situations such as when a bright object appears in the frame near the middle
where it is likely trick your camera's light meter, or when the shot is important
and you want to maximize your chances of making sure you have all the light
values recorded that you need for a great exposure, bracketing is the way to
Next week I will talk about the quality of light as it relates to the size
of your light source.
The digital photography tip of the week
is written by the PCIN Assistant Editor, Chris Empey. Chris is a long
time photographer and is currently the President of the Niagara Falls
Camera Club. You can see more of his photography at his Photo
of the Day website.
If you have a tip to send Chris, or a question about digital photography
he can address in the newsletter, send it to firstname.lastname@example.org.
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In Pictures computer how-to books are based on pictures, not text.
Most computer books contain over 50,000 words. In Pictures books contain
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The books cover a wide range of topics such as Office 2003, OpenOffice,
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This following press release arrived in my Inbox today:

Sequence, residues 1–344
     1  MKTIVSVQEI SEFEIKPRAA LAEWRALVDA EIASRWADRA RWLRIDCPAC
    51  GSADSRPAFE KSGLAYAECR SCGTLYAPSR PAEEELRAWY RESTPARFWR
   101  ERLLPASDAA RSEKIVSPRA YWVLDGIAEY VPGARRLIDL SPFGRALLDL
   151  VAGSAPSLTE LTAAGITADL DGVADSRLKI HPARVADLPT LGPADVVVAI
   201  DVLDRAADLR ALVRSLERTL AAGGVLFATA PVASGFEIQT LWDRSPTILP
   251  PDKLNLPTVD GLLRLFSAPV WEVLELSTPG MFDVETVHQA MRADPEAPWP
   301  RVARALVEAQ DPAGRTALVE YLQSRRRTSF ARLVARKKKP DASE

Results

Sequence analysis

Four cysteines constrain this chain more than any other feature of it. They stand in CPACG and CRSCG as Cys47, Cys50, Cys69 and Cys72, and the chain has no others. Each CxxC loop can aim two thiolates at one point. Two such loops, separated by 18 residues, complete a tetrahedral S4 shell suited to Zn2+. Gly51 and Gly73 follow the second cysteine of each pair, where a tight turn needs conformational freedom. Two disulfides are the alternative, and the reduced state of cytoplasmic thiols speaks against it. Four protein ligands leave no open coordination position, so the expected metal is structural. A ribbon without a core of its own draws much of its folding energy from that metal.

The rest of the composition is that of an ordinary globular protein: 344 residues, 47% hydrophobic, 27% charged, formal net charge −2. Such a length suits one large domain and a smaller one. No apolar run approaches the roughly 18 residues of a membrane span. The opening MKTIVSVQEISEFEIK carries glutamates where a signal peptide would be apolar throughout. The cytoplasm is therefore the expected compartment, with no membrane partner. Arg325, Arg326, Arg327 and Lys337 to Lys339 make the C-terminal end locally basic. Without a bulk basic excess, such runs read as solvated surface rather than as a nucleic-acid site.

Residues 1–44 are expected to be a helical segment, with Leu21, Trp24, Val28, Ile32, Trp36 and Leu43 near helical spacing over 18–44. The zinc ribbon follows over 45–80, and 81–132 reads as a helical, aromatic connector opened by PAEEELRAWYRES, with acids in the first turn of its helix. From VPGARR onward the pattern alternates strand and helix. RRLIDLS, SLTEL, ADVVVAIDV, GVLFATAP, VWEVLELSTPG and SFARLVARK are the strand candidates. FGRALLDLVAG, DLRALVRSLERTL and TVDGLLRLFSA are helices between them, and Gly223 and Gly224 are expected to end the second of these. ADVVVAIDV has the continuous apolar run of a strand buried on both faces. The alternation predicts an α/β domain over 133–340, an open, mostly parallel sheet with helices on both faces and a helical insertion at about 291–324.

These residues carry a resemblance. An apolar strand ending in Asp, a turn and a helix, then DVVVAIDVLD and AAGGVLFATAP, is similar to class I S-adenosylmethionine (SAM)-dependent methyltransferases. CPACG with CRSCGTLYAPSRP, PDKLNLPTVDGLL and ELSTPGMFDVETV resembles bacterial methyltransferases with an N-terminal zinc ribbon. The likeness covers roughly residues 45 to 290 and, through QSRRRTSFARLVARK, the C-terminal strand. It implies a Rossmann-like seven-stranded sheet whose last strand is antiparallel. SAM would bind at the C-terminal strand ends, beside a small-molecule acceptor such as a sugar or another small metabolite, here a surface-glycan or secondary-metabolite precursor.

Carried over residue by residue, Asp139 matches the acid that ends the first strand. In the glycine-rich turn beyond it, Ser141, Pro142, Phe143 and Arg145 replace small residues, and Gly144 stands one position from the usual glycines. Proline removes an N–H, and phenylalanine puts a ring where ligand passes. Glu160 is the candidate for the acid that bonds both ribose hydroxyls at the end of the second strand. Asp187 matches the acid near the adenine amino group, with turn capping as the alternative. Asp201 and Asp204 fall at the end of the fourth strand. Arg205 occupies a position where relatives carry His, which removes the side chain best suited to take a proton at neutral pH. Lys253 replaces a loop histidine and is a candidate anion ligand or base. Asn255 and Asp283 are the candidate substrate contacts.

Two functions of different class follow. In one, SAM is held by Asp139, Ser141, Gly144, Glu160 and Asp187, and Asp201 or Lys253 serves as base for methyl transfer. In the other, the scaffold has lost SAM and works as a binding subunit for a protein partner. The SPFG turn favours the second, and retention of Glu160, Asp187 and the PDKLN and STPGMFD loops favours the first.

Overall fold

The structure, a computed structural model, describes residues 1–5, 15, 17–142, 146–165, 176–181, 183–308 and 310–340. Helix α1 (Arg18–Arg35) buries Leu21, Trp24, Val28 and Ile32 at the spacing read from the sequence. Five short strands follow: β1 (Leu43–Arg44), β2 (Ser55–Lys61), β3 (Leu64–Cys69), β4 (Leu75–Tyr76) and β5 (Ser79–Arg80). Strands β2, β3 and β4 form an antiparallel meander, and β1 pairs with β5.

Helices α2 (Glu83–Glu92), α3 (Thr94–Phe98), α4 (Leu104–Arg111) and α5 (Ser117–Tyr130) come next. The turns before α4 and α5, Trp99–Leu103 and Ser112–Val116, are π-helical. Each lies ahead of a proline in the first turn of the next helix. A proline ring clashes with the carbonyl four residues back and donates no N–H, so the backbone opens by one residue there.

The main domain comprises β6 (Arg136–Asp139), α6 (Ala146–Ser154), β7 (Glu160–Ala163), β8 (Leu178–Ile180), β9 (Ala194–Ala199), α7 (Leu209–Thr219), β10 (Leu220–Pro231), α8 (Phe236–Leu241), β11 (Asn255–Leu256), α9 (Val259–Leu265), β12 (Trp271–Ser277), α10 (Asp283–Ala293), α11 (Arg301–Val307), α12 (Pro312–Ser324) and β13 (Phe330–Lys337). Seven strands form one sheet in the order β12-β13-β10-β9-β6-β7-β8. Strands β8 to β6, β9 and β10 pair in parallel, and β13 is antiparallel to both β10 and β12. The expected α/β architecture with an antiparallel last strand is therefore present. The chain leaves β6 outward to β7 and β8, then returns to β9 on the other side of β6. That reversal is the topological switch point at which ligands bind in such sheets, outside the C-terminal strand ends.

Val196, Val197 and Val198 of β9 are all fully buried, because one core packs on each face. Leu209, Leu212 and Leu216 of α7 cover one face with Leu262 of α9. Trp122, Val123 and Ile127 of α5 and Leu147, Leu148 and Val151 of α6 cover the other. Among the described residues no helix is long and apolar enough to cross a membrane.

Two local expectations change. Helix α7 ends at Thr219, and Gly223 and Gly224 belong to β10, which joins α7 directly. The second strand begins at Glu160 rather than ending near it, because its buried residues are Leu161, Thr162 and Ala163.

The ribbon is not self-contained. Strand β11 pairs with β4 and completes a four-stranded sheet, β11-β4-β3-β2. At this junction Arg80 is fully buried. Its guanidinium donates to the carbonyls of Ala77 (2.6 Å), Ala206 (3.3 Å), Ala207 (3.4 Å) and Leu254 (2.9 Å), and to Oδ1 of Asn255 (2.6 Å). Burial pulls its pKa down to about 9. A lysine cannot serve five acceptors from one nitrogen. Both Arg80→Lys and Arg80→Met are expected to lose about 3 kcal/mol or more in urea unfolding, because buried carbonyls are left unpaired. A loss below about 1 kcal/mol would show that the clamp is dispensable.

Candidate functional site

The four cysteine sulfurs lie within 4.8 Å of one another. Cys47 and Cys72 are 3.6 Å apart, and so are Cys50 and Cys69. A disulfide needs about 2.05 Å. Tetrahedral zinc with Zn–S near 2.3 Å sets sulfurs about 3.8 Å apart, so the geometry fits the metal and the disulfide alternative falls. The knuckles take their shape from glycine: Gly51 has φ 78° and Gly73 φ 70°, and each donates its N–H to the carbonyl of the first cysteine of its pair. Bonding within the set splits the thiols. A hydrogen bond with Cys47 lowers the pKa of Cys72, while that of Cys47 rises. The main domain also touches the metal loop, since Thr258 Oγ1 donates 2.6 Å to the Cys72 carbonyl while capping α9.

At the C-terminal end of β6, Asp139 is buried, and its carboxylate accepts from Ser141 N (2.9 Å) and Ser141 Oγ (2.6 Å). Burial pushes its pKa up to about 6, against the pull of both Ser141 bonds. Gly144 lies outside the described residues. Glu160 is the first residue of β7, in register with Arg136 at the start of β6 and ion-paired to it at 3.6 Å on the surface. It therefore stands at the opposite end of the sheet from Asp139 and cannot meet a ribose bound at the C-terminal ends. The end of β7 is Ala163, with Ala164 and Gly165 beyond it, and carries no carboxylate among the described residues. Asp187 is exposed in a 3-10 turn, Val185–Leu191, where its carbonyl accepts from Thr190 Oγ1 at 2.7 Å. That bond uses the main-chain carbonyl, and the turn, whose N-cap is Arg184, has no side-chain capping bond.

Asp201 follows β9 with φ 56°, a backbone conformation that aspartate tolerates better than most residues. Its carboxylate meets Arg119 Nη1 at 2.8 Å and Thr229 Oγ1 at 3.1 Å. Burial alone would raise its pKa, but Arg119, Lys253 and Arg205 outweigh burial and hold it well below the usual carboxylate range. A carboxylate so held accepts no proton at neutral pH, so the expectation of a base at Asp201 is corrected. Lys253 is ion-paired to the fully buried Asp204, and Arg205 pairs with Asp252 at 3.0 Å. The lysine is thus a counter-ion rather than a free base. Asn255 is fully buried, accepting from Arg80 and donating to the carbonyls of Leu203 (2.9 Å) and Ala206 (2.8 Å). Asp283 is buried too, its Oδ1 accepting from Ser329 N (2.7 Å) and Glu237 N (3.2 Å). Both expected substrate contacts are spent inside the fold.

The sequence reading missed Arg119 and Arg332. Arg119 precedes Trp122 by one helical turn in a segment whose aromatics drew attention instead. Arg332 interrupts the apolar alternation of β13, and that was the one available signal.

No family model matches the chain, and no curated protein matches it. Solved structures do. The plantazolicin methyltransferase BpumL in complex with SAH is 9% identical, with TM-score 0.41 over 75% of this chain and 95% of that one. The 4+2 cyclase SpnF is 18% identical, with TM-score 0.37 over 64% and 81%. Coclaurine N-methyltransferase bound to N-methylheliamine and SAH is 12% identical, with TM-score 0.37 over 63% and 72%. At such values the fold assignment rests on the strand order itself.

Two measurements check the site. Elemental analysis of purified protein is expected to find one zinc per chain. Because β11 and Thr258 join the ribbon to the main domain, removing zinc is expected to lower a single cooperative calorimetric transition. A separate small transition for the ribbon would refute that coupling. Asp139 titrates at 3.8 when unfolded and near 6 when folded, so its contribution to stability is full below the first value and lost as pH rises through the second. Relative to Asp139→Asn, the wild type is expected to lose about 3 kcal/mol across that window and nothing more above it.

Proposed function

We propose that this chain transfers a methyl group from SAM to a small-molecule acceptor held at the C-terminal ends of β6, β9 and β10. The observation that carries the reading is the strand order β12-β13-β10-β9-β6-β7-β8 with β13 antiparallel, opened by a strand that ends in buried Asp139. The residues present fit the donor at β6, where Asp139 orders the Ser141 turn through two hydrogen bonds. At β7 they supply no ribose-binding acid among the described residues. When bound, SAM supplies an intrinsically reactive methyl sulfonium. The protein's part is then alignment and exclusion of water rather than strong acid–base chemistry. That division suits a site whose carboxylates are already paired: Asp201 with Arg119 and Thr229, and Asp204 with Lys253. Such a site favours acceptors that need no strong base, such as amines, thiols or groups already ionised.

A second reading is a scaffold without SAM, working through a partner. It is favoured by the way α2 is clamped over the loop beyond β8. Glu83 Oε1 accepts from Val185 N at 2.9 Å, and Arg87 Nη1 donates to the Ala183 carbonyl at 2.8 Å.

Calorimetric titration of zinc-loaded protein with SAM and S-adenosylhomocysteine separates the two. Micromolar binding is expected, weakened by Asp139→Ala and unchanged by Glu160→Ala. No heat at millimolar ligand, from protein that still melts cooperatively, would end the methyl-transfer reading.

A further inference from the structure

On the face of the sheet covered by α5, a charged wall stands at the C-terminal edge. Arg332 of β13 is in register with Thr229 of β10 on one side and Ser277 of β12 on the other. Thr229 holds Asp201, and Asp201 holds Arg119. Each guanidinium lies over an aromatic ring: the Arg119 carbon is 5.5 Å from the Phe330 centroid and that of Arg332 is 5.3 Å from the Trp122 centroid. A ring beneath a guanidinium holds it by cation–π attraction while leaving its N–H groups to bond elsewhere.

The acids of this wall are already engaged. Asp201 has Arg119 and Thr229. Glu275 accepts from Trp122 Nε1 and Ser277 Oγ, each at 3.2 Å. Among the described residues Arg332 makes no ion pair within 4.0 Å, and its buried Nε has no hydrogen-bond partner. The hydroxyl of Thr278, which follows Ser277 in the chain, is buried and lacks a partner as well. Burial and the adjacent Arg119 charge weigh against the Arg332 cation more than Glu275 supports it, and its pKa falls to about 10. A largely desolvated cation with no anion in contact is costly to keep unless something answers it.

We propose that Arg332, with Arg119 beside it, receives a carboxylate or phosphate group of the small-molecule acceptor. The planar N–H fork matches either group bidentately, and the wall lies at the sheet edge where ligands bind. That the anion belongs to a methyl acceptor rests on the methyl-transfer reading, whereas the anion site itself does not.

Lightroom Public Beta 3.0 for Mac Now Available
Adobe Incorporates Early Testers' Feedback and Additional Raw File Support
in Updated Beta
SAN JOSE, Calif. - June 13, 2006 - Adobe Systems Incorporated (Nasdaq:ADBE)
today announced an update to the public beta of Adobe Lightroom, an all-new
digital imaging workflow solution for professional photographers that allows
them to import, select, develop and showcase large volumes of images. The
latest version adds features suggested by beta testers that allow greater
control over export size and resolution, refined metadata selection with
print output and RGB value readouts for greater editing precision.
PCIN is brought to you by Graham Wing. The opinions expressed are those of
the Editor, Graham Wing and the Assistant Editor, Chris Empey. Graham Wing
and Chris Empey accept no responsibility for the results obtained from trying
the tips in this newsletter.